When was the last time you devoted an hour to drawing? Pencil, crayon, marker, pen — the medium doesn’t matter as much as the act, which most of us dropped back in early grade school, or whenever it was that someone told us we weren’t an “artist.” There’s this stigma with art that we have to be “good” at it to do it, that we have to create something beautiful. But numerous local initiatives are breaking us out of that notion by opening up creative expression through accessible art workshops.

“We’re all creative by birthright,” says Susie Alexander, a Truckee artist who opened the Arts in Wellness loft studio in downtown Truckee’s Garden Folly building last July. “Somewhere along the way, we forget to doodle, and to let the voice of our imagination and soul come pouring through with colors and shapes.”

If you’ve read my column over the past few years, you may remember Alexander from her inspiring February 2010 accomplishment: completing 40 paintings in 28 days. Alexander says her Arts in Wellness studio is a manifestation of that endeavor: “I wanted to share the experience with everybody; connecting to our own intuitive creativity can radically change some of our life experiences — especially the difficult ones.”

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Arts in Wellness offers art instruction and open studio space on a donation basis. Classes are offered multiple days each week and range from the basics (drawing, watercolor) to the more expressive like the weekly Meditative Prayer and Gratitude Painting and the creative group that explores the book “Walking in This World, The Practical Art of Creativity” by Julia Cameron.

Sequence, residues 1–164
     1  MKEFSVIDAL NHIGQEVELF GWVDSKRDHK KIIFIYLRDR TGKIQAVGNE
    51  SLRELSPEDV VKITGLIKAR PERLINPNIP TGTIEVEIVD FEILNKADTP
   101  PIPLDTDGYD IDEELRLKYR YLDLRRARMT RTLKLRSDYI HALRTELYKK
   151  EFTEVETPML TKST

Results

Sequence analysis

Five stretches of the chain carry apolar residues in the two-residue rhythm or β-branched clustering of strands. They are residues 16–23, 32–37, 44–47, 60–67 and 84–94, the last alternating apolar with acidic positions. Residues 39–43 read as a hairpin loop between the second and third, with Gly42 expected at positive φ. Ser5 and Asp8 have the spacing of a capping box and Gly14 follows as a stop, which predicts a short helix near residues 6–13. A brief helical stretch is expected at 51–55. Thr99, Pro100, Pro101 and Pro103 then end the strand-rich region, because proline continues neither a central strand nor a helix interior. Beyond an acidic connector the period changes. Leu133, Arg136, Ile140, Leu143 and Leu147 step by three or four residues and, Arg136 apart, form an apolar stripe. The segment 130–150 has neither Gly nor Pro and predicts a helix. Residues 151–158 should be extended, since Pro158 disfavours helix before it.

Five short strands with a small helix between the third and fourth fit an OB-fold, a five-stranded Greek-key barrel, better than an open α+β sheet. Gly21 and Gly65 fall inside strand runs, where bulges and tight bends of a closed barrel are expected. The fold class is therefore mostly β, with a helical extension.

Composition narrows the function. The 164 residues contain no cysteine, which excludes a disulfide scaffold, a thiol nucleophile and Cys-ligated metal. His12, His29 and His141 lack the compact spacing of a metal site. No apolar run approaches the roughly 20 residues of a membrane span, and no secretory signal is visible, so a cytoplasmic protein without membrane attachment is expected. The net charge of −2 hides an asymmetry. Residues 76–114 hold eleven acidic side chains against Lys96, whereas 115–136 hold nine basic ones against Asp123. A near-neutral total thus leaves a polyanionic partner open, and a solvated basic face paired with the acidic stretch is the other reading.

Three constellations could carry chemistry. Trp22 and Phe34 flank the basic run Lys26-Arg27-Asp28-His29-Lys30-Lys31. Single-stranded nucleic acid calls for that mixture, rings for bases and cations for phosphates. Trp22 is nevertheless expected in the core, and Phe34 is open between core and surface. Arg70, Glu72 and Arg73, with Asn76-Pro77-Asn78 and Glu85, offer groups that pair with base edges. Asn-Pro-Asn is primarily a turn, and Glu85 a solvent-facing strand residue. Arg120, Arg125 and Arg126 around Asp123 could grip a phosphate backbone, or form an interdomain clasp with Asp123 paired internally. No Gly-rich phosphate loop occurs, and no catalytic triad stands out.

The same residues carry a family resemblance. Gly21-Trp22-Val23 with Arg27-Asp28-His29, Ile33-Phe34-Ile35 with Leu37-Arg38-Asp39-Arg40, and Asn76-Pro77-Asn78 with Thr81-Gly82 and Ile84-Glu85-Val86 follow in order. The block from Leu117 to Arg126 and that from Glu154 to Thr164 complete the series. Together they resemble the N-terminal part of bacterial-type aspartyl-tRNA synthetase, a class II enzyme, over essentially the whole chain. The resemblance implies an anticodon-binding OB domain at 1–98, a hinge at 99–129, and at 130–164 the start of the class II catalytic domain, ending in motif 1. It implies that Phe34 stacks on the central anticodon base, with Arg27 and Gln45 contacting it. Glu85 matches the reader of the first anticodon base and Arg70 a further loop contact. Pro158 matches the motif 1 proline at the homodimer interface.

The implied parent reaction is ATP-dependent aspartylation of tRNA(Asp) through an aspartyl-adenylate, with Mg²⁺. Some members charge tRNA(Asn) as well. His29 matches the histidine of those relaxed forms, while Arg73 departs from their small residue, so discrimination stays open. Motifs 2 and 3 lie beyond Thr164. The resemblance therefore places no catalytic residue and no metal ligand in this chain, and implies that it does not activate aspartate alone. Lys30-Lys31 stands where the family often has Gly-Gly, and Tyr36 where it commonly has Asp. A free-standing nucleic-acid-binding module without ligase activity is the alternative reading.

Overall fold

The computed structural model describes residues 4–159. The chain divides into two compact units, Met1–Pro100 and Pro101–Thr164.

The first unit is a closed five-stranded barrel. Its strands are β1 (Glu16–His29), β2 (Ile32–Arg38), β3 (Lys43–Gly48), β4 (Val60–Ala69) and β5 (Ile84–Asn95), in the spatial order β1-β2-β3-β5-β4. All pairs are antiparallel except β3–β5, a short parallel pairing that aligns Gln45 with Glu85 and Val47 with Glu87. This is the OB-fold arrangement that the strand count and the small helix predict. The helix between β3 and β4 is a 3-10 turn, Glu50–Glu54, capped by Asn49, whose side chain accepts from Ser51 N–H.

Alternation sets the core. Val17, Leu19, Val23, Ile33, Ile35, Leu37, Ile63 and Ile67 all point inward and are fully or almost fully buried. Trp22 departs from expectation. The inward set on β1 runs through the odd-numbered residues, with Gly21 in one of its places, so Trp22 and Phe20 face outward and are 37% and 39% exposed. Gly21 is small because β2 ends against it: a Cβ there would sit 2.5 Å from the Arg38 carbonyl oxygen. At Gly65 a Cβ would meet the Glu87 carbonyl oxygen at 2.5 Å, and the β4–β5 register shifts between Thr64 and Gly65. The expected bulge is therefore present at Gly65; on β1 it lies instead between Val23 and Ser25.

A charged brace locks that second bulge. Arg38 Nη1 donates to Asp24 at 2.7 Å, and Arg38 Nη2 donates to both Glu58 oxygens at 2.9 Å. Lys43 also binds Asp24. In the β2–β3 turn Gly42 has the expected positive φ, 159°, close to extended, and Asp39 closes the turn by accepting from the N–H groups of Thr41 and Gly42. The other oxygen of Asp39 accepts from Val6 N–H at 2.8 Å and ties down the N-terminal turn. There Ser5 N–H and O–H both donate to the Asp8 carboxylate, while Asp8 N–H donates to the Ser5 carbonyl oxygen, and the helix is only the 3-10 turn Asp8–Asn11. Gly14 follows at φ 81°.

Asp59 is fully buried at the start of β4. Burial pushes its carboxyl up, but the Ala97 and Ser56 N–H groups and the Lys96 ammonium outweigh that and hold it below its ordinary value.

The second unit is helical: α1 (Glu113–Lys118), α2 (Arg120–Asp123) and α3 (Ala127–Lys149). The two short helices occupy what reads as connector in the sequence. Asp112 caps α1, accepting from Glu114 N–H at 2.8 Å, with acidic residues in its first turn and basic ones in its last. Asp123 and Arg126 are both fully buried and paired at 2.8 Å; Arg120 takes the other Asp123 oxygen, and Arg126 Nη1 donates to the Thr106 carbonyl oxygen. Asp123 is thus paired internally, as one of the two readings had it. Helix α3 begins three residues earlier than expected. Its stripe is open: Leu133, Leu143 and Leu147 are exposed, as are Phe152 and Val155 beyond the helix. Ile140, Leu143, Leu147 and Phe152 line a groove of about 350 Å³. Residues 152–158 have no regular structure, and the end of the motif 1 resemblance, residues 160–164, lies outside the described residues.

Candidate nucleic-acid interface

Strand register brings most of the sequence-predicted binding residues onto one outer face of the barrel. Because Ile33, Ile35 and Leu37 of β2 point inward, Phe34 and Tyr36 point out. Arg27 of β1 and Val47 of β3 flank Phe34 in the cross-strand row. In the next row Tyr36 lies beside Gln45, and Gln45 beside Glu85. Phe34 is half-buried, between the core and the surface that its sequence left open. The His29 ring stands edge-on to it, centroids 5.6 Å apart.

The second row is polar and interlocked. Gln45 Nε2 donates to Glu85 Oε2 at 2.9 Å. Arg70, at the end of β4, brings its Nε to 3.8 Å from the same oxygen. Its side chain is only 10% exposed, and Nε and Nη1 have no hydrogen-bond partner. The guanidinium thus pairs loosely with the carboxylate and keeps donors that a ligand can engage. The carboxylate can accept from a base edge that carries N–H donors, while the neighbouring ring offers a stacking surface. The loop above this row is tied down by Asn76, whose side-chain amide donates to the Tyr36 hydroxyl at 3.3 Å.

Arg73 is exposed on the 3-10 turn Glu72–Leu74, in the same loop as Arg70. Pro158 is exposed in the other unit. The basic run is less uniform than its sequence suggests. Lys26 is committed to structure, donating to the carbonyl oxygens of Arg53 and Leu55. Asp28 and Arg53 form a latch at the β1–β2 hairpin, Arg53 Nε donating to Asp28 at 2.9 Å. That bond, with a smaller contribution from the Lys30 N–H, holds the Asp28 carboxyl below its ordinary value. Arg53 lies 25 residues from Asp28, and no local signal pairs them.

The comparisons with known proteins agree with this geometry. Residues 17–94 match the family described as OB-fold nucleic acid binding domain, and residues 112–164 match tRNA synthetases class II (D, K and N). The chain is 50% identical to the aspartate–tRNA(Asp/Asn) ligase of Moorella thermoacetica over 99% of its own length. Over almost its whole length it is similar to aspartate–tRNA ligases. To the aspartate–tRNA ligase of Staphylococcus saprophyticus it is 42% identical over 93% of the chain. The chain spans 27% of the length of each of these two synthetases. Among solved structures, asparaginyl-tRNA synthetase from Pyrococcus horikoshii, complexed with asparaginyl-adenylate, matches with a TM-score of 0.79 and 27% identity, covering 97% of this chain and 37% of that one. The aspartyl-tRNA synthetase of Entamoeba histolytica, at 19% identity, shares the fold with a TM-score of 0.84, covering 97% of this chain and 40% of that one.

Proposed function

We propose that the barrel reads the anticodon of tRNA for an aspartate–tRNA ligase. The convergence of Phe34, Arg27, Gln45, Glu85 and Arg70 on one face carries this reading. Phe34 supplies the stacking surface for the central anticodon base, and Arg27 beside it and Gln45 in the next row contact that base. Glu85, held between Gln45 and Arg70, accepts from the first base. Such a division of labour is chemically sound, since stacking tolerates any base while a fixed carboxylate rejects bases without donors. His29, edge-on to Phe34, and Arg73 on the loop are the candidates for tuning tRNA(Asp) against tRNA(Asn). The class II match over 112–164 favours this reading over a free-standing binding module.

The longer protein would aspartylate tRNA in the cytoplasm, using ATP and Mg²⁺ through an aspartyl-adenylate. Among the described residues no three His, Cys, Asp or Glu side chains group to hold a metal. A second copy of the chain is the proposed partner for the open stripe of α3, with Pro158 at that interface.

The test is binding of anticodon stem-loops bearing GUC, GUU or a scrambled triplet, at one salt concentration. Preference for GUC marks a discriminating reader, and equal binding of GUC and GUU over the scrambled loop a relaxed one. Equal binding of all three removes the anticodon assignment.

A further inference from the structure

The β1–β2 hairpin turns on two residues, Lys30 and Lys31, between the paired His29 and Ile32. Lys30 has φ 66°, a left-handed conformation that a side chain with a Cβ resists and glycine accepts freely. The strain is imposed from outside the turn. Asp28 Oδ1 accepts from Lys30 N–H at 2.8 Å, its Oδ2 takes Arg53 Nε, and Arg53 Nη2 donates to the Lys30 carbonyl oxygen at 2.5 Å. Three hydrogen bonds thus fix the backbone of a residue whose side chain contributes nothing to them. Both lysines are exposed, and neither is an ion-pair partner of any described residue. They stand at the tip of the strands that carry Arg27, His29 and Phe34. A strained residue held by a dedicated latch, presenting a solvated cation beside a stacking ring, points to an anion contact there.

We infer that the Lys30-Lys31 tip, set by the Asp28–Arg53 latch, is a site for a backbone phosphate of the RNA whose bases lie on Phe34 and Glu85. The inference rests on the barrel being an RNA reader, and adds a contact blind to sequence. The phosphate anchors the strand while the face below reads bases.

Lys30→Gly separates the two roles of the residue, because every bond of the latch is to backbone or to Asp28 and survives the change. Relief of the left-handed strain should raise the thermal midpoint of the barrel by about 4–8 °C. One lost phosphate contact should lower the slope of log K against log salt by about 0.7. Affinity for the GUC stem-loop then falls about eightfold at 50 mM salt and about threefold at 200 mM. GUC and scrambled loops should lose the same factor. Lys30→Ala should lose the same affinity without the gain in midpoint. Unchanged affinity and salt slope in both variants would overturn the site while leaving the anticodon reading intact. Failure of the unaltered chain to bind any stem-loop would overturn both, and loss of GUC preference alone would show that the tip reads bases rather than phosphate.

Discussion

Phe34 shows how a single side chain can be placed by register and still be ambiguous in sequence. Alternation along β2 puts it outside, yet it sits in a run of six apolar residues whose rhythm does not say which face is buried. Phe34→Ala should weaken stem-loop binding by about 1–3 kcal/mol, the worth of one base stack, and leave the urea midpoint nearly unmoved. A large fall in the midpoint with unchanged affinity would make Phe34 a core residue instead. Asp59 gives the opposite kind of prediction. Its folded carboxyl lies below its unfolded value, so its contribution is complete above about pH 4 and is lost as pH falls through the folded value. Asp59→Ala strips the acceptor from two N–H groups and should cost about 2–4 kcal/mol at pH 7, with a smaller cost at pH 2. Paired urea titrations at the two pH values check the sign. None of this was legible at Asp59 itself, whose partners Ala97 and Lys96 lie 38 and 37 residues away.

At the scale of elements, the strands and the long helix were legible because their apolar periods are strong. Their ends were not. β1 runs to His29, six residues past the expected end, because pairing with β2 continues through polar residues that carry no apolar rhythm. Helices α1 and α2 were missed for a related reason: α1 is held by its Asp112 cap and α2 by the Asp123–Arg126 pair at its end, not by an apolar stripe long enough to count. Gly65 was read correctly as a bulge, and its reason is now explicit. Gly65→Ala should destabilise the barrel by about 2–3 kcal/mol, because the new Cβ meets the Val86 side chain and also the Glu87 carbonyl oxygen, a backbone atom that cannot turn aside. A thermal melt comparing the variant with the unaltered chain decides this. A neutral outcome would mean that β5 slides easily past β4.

At a recent drawing class I attended, Alexander provided us with the tools (paper, an eraser, a smudge stick, and five pencils, in a range from hard/light to soft/dark) and a little instruction. The hour and a half floated by as we got lost in our own creations; I felt refreshed and slightly fuzzy afterward, like I was in a post-meditation haze.

Alexander explained after class that art creates brain waves similar to meditation. Alice Baldwin, a marriage and family therapist intern who conducts the Expressive Art Workshop Series at Tahoe City’s Rideout Community Center, has said similar things in her workshops. The Expressive Art Workshop Series is a partnership between Arts for the Schools and North Tahoe Arts that offers Placer County residents ages 13 through adult free art instruction. Watercolor, collage, and acrylic painting workshops were held earlier this year, and a mask-making class is coming up on Feb. 21 and 22.

Each class in the series explores the technical aspects of the art form, as well as the emotional importance of creating art. Baldwin points out that art-making bridges the verbal and non-verbal parts of the brain, it helps us see problems from fresh perspectives, and it says what we cannot say in words. What will you say with art? Pick back up the pen, pencil, or paintbrush and find out!

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